New medications are expanding the toolbox for health care providers like me to treat patients with high cholesterol. That gives more than 100 million at-risk Americans a better shot at effective, patient-centered care.
Just this month a new drug called bempedoic acid became available. The drug lowers LDL cholesterol and joins the existing cadre of treatment options, which include:
- Statins, first-line, time-tested drugs that have protected countless patients from heart attack and stroke
- Ezetimibe, often used alongside statins and changes to diet
- PCSK9 inhibitors, innovative injectable drugs that can lower LDL cholesterol for patients who don’t have an adequate response to statins.
When I treat my patients for high blood pressure, I have multiple options for therapy. These include tablets that contain two medications, making it easier for patients to use combination therapy to reduce blood pressure to meet the lower treatment target in our guidelines. Because many patients need combination therapies to adequately lower LDL cholesterol, having choices is important.
Bempedoic acid marks a valuable addition to available treatments and is now available in a combination tablet with ezetimibe. It’s designed especially for high-risk patients on maximally tolerated statins, people with heart disease or those with an inherited form of high cholesterol called familial hypercholesterolemia. It’s yet another option for patients who may not adequately respond to statins or perhaps can’t tolerate them.
Let me be clear that, across the board, the biggest problem with statins is patients not taking them as prescribed. Patients give up. Some decide not to take anything at all. This is dangerous.
Statin-associated side effects do occur from time to time. Patients with side effects commonly complain of muscle cramps, pain or weakness. I believe patients when they report these symptoms. But I do not view them as a rationale for giving up. Yes, muscle cramps can be debilitating. But a heart attack or stroke is much, much worse.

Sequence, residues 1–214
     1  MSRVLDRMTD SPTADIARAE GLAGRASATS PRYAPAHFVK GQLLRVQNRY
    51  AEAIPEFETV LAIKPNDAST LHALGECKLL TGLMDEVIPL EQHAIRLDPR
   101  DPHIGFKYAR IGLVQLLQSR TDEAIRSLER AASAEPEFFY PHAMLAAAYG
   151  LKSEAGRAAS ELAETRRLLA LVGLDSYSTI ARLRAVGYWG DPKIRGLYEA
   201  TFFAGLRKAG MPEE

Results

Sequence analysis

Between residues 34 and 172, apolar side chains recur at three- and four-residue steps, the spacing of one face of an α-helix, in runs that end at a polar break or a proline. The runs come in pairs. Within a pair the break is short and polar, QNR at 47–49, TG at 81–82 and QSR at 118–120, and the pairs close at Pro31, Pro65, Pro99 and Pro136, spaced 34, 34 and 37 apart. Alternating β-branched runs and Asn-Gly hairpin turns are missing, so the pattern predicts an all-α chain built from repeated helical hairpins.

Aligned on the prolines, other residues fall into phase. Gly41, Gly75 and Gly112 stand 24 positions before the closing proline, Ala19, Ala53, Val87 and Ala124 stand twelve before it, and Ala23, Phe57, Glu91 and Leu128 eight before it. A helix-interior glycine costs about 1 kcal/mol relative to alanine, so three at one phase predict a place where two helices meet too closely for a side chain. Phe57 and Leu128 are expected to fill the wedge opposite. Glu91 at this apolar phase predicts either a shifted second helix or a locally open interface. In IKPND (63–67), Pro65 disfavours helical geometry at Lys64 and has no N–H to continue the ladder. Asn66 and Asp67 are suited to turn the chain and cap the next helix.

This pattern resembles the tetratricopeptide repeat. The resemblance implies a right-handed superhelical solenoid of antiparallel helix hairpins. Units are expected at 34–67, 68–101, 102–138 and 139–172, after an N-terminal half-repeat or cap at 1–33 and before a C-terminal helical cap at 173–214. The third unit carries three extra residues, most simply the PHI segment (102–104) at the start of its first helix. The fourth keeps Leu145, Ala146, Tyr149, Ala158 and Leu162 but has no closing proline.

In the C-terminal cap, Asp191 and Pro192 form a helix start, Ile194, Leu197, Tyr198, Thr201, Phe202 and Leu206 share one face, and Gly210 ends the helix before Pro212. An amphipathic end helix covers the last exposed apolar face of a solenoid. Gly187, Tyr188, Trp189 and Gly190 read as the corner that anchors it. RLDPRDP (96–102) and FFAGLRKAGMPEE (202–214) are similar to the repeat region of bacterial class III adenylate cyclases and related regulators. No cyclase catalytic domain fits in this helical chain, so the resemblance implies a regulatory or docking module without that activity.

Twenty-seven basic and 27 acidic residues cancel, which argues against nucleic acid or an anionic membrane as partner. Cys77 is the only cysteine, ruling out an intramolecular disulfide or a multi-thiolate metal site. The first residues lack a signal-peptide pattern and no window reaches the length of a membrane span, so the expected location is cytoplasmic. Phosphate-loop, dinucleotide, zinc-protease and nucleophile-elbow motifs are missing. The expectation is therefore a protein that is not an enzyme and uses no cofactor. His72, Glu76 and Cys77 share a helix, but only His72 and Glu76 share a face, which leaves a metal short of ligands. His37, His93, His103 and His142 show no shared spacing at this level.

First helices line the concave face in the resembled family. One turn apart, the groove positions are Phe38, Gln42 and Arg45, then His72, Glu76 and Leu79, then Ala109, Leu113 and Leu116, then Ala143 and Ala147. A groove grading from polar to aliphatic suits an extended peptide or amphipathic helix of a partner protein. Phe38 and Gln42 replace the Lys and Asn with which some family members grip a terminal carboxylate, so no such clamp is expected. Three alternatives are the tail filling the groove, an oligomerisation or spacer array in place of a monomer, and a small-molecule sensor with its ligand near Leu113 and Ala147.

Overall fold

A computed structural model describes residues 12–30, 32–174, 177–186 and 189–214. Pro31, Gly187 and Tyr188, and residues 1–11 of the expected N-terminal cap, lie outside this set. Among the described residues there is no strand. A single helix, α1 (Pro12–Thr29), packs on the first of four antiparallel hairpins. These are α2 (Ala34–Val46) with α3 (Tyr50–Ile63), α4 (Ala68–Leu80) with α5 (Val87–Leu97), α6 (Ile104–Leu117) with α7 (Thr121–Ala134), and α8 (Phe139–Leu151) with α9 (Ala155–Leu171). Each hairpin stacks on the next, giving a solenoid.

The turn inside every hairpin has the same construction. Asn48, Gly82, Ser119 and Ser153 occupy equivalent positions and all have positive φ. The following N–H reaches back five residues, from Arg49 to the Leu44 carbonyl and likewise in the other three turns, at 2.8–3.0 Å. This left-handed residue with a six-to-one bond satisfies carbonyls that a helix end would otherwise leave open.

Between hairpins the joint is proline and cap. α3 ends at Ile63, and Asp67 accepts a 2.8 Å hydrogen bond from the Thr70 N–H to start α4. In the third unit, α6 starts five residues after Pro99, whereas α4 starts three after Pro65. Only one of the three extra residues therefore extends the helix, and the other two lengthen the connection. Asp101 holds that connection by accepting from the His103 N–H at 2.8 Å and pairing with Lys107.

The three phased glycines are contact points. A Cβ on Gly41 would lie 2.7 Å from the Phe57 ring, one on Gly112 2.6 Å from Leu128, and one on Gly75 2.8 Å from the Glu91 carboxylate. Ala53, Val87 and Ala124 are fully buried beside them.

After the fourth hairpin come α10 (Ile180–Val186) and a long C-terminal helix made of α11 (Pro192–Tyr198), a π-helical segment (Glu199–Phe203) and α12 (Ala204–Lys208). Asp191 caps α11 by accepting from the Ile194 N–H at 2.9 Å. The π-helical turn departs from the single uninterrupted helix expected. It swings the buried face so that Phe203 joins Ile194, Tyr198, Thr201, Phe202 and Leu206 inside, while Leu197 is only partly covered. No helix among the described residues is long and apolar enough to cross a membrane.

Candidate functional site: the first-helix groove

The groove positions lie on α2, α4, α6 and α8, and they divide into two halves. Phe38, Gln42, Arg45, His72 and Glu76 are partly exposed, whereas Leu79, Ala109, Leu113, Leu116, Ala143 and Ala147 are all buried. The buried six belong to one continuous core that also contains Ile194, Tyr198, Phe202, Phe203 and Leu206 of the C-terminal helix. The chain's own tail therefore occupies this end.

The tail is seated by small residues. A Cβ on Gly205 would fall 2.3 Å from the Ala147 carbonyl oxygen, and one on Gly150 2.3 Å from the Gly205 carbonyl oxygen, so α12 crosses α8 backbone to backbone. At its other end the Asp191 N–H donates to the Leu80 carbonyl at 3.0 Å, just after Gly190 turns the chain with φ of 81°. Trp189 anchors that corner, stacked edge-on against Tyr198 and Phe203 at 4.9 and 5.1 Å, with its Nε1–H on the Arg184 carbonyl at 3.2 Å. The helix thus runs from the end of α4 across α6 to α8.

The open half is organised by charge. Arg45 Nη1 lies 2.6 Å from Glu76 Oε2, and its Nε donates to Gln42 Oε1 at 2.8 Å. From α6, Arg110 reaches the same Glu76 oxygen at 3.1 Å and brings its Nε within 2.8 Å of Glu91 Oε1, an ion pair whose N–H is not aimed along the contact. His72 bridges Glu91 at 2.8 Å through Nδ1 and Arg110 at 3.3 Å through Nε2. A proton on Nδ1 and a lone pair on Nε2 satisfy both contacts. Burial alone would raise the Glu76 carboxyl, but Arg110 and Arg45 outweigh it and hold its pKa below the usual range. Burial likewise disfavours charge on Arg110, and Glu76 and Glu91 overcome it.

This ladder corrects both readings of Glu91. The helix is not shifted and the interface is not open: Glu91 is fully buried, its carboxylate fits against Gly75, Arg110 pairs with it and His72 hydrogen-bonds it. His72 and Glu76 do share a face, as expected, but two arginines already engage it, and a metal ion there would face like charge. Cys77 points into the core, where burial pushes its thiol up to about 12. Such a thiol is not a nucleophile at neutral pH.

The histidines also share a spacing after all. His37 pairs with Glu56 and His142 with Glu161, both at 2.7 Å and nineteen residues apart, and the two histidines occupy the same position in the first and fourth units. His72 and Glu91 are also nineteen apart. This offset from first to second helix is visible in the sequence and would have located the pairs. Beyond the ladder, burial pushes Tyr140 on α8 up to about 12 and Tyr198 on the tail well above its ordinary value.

Sometimes addressing side effects is a simple matter of switching statins. Patients typically go through two to three different statins before finding the right statin. They also may need to try reducing the dose to find both the statin and the dose they can tolerate. In some cases, non-statin drugs may be needed in addition to maximally tolerated statin therapy to adequately lower LDL cholesterol, as clearly stated in the most recent guidelines.
The introduction of bempedoic acid serves as a hopeful reminder to patients that we continue to research and develop new options to help them lower their levels of LDL cholesterol. Yes, finding the right treatment regimen can require some trial and error. But as therapies like bempedoic acid and PCSK9 inhibitors show us, the treatment choices continue to expand.
For each patient, a tailored treatment plan of diet, exercise and medications can be developed in consultation with a health care provider. It is important not to give up until patients find the regimen of lifestyle and drug therapy that works for them. As non-statin medications add to our treatment options, I hope more patients will take control of their heart health and continue to work with their health care providers to optimally control LDL cholesterol, along with other risk factors. This will help to prevent cardiovascular events, which remain a major cause of pain, suffering and death in our society.